Each year a number of print and online magazines publish lists of “Top10” this or that. They could be places to eat, shop or vacation, but the ones I always peruse are the Top 10 Beaches lists. However I must say I am almost always disappointed, especially if the beaches of Southwest Florida are missing or come in last place. Why do we let someone in New York or Los Angeles tell us what the best beaches are in Florida?
I’ve decided to revolt and make a list as seen from the eyes of a local Floridian, but with no special order. Why no order? Because I’ve discovered that we beachgoers have particular reasons for visiting the beaches we love over and over again, and while some may be slightly better than others, it’s still a beach with a view that landlocked northerners would sell their souls to see.
Fort Myers Beach is very similar to the beach of my youth, Clearwater Beach. It has an enormous amount of diversity from the north end at Bowditch Point Park to the south near Big Carlos Pass. In between there’s a fishing pier, beachside eateries, bars and resorts. There is something available for just about any beach lover that’s looking for a Gulfside getaway.
Lovers Key State Park, just south of Fort Myers Beach, is located between Big Carlos Pass and New Pass. It’s a beautiful beach that is accessible via the park entrance and also from a parking area near Big Carlos Pass. I love to fish this beach because of its remoteness. Less beachcombers means more fish. Don’t get me wrong, there’s a drop-off point where the free tram takes beachgoers, but there’s still a lot of unexplored beach for shelling and fishing.
If I just want to relax with a good book and listen to the water lapping on a beach, I can be found at Barefoot Beach. Located at the very northern end of Collier County just off Bonita Beach Road, Barefoot Beach has a combination of remoteness and beauty that’s hard to beat. Bring a beach chair, your cooler and a book.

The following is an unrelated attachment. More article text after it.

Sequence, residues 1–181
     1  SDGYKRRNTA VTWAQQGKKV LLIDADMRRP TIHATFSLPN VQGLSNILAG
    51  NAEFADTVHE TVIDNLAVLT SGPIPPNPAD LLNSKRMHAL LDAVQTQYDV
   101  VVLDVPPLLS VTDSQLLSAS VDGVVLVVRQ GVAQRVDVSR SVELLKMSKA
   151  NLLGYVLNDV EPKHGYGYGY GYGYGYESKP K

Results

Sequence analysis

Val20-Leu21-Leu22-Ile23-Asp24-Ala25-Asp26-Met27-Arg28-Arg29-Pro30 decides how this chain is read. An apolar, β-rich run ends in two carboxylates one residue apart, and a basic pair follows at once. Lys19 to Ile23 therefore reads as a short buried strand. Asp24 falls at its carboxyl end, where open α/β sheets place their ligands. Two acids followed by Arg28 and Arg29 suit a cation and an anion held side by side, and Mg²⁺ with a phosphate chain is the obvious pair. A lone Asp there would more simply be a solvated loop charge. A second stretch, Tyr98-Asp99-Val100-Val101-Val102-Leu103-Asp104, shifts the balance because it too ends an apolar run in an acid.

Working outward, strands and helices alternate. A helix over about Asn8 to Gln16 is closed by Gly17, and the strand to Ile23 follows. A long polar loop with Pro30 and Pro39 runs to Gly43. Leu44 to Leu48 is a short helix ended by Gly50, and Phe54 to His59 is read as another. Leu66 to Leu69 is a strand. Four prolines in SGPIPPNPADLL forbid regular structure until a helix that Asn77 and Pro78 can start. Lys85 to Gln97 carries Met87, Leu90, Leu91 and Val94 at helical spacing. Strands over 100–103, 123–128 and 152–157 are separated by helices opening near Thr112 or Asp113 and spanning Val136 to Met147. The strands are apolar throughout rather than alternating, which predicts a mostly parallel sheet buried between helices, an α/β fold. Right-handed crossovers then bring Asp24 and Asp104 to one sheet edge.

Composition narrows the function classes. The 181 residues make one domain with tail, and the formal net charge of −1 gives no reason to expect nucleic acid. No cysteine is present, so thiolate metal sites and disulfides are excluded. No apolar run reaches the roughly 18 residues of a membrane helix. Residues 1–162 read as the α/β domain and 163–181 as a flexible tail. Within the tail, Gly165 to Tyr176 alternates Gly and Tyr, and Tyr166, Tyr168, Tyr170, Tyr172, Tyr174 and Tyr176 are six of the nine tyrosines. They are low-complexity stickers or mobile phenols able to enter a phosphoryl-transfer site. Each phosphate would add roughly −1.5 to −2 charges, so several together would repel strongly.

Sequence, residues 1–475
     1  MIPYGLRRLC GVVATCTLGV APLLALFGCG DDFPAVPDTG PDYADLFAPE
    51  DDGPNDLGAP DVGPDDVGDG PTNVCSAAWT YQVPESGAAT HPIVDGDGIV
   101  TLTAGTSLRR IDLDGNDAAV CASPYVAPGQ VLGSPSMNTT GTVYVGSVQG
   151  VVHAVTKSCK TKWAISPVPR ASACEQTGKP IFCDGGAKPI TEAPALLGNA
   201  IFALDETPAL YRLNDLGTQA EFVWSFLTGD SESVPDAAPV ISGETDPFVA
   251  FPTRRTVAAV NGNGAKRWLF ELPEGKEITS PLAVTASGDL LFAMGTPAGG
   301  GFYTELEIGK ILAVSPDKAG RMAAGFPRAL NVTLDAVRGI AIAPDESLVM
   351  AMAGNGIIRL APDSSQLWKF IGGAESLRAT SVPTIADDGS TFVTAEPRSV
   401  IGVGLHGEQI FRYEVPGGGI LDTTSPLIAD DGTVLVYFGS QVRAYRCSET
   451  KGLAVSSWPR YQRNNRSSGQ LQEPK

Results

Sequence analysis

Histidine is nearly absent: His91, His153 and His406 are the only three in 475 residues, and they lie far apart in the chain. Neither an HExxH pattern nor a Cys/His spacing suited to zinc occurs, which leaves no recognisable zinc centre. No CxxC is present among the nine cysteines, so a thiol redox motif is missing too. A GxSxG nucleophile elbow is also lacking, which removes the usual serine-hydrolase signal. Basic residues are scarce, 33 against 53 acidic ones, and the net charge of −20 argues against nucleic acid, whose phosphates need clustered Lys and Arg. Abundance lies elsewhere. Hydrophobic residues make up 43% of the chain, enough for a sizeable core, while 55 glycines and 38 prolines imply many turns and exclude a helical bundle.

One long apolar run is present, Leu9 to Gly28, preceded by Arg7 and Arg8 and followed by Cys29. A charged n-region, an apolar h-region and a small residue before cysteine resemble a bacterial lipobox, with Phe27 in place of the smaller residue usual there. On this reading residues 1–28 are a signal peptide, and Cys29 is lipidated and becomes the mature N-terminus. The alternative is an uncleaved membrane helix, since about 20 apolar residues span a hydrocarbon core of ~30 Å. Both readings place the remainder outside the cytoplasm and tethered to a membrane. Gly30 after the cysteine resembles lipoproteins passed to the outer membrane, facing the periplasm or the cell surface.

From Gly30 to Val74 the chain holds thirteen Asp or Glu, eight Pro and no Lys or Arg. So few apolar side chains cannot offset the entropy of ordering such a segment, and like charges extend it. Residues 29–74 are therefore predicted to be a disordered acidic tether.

Bowman’s Beach on Sanibel Island is my fishing beach. I’ve hit them all at one time or another, but Bowman’s never disappoints. There will be a crowd of beachgoers at the end of the access walkway, but venture to the north or south and you’ll find plenty of space to cast a line for snook, seatrout, jacks and many other species. Go early for the best bite.
Cayo Costa State Park is located in Lee County on Cayo Costa Island and is accessible only by boat. If you’re not a boat owner there are ferry charters available from Pine Island, Captiva and Punta Gorda. If you want to step back in time to the way beaches looked well before all of us arrived, this is your beach. The shelling is top notch, especially after storms have passed, and the fishing is also good. I love hiking and exploring the many trails that run through the island. Here’s an important note. This is a day trip, so don’t miss the return boat if you arrived on the island by ferry.
Way down south in Collier County near Marco Island is Keewaydin Island. It can also only be reached by boat. Don’t own a boat? No problem. Hemingway Water Shuttle departing from Rose Marina can get you and your dog there in style. That’s right, Keewaydin is a dog friendly beach! There’s also plenty to do there with food and drink venders (boats) lined up along the southeastern bayside and lots of beach to roam for shells and fishing.
Captain Rob Modys is a lifetime Florida outdoorsman, retired spin & fly fishing guide and host of REEL Talk Radio on ESPN 99.3 FM every Saturday morning. He is past president and board chairman of the Florida Outdoor Writers Association and serves on the board of the Florida Guides Association. Capt. Rob also shares his fishing knowledge in a series of fishing classes at Bass Pro Shops.